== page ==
The second Facebook related item is a so called “Like button”. By clicking it, you indicate that you like the IPRS website. Mind you: this has nothing to do with joining the IPRS Facebook group.

IPRS also has a presence on Twitter. If you are a Twitter user yourself, you can follow IPRS on Twitter by clicking the button. Our Twitter handle is @IPRSnews. Whenever a news item is added to the news section of the IPRS website, a link is automatically posted on this Twitter account. If you do not use the RSS feed and you do not visit the IPRS website daily, following us on Twitter is an excellent way to keep up with IPRS related news.

One of the participants from Korea shows the RSS feeds on his computer to the participants of the meeting.

Marianne van Gool gives a demonstration on the veyboard.

Patti Calabro: We are going to talk about being green and ecofriendly, a subject that is obviously important to us, because we may not be here anymore, but we will have people who succeed us, friends and family who will be living on this earth and they will be dealing with the consequences of what we do now. So thinking ahead and for the future I contacted a friend of mine in the NVRA, a lady named Annet Meijers, who did some interesting investigation about being ecofriendly in the home, but not so much in the workplace. That is when I got the idea: maybe we can talk about a few things that we not only do in de US, but in your particularly countries as well. So let me bring this up.

Are all of your countries concerned about the environment and talking about going green and being ecofriendly? Do you care about using to many plastic water bottles and having mountains in ten years? Is it something that you talk about in parliament? I hope so, because I have information to give back to Annet.

On the IPRS website I asked people to think about two questions before coming here. (We will talk about the eco-friendly practices of our offices. Please note one or two of those practices to share. Think about to share what step(s) you can take to become more eco-conscious on the job). We can all do something, even if we do one thing each, we can make a difference. I like to think about the impact of not considering ecology and the greens of the earth. What if you all had a cigarette and you decided to put it out and throw it on the earth at the same time, around the world. The impact would be very startling and jarring. If we are not conscious of what we are doing we are making that same impact and in the span of time of forever it is that one little blip that has such an event that our world cannot exist. I am not trying to be existential about it, by any means, I think in my mind I have a responsibility to the world to think about acting eco-friendly. And I will not get on a soap box, because I save that for my husband and family, but this is a quick little glossary of terms. When I talk about eco-friendly obviously I am not harming the environment. The carbon footprint is a term that we use often. That is usually calculated in a period of a year. It is a pretty complicated calculation, so I will not give that to you, but there is a link that shows you how it is calculated. It is very interesting to know that an average US household will create 50 tons of carbon dioxide, carbon footprint for a year. The single largest source of emissions is driving a car and also transportation in general. From transportation it goes to housing, than food, goods and services. The carbon footprint of a US household is five times the global average. So I apologize for all of you for what we are doing, but we are thinking of it and working on it.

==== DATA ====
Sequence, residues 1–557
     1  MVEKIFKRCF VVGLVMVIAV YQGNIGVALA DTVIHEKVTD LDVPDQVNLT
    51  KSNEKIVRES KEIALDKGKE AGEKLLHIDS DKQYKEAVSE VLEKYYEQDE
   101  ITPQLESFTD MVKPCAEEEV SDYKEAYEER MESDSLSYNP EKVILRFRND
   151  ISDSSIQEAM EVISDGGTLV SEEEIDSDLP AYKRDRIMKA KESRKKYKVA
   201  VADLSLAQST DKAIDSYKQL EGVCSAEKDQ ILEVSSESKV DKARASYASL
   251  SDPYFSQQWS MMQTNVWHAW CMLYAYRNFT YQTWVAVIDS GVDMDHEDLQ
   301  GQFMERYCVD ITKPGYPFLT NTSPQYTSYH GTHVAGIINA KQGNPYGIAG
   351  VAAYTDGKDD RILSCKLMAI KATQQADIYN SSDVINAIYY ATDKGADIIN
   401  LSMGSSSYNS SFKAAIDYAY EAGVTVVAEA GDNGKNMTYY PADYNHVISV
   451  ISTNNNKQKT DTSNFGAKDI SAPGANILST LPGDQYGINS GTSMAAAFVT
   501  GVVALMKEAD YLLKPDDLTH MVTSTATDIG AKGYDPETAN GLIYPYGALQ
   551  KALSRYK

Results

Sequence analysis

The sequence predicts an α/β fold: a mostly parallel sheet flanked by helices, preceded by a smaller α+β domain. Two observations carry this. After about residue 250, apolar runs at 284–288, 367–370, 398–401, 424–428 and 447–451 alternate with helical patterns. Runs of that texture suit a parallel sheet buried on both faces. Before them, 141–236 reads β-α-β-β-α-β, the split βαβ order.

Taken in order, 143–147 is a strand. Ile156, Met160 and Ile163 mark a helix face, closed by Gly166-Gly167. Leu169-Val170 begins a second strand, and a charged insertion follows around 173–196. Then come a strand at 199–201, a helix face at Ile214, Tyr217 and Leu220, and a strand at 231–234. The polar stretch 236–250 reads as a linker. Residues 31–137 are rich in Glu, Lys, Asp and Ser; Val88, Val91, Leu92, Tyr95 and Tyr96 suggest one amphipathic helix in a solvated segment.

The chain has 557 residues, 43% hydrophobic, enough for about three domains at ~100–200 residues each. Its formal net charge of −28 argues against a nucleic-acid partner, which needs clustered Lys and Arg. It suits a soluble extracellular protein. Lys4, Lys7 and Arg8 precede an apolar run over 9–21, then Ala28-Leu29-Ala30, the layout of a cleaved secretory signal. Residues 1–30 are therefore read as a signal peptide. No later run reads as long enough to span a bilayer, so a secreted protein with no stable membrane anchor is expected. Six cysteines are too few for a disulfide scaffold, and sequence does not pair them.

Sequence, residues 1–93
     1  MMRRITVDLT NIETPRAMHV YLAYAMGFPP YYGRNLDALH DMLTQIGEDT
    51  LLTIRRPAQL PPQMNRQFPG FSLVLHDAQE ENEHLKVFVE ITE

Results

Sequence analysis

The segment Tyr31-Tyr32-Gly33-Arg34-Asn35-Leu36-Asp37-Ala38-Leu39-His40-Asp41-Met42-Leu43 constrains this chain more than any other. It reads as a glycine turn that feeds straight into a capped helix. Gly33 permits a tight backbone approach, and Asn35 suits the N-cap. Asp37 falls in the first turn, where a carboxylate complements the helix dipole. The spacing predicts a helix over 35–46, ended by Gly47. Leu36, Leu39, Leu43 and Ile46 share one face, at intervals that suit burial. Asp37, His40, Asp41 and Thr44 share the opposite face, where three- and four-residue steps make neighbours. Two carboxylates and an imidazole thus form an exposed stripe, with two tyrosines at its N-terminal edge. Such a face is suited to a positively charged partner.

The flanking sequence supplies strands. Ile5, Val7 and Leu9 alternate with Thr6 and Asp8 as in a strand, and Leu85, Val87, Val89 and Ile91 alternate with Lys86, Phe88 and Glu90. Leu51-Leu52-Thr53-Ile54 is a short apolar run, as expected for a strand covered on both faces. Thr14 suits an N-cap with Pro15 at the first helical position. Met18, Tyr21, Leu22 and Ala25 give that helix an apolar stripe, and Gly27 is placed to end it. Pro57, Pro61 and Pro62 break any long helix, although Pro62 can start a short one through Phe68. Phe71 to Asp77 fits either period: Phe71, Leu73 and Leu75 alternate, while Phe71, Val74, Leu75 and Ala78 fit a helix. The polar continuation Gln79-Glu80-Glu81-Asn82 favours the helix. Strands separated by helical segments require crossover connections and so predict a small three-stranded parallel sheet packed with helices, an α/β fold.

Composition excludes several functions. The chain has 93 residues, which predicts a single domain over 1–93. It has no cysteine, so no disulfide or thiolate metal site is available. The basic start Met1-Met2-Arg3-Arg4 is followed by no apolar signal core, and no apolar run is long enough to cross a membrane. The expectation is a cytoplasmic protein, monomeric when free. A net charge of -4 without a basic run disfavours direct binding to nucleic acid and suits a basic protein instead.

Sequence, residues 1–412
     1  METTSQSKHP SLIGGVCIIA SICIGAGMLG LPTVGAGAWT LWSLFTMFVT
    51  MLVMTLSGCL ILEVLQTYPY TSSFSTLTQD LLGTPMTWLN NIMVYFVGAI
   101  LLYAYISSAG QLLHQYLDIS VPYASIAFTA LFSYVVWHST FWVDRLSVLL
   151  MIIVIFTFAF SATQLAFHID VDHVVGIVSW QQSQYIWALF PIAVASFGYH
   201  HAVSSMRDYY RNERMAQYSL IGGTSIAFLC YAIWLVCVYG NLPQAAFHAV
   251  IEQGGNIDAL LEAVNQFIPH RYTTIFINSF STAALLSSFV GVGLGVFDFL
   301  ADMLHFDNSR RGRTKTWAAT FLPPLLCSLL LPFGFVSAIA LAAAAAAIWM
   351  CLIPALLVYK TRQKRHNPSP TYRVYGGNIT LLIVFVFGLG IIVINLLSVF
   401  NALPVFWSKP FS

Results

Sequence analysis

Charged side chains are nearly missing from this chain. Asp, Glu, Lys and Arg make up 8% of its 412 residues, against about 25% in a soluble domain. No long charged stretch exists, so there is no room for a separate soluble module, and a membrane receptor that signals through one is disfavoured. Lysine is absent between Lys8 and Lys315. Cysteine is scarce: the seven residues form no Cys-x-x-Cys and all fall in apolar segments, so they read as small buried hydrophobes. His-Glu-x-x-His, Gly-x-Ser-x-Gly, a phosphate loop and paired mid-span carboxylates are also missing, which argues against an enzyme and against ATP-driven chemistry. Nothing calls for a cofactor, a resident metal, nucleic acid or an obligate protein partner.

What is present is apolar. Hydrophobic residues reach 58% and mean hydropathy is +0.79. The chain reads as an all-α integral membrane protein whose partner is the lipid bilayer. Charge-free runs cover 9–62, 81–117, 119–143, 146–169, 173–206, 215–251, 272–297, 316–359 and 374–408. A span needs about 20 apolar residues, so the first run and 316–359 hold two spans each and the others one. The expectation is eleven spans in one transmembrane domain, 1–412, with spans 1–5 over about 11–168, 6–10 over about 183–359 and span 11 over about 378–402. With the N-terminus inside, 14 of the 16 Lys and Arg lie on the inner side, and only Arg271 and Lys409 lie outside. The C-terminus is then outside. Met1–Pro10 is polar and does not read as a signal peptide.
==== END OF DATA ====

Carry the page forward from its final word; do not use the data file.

Are these concepts that your countries think about in general? Are you hearing more about that in your news? If you are not, I like to know, because Annet is doing some compilation of information.

Are you all familiar with biodegradable products and the recycling process? Some countries are (starting to) recycle. You have different bins where you have your paper and plastic. And then the concept of repurposing. When I do painting projects I take the empty egg cartons and put paint in that instead of using a paper container. You can reuse paper to make note books. I wrap birthday presents in a newspaper. We use rechargeable ink cartridges at our office.

Why go green at work? It has to do with responsibility. Everyone should go green at work because it is every person’s and every company’s responsibility to take care of the world’s environment and resources. Although responsibility should be the main motivation, marketing can also be a strong reason to go green. As green is the new in thing to do, there are endless marketing possibilities and ways to draw in more clients. By going green, you will be encouraged to make sure your business operates on the minimum amount of resources to get by. This will help your business run more efficiently on less, saving you money. A green company does many things for its employees such as getting them involved in a fun project, improving their work environment and boosting overall employee morale. Going green at work will help you set an example and set standards for other people and companies to follow your lead. This will help the overall green movement that is vitally important to our environment.

It can mean product modification changes to a production process and sustainable packaging. It could mean going from paper to paperless with no paper exchanging in an editing process. For an employee it has been found that going green boosts the moral of the employee. It gives people an opportunity to create an environment around themselves that they enjoy. They feel they have an investment. In our court we are going green. We all had an opportunity to create an office environment we like. We have plants and think more in terms of not wasting resources. But in essentially we are saving money and the environment.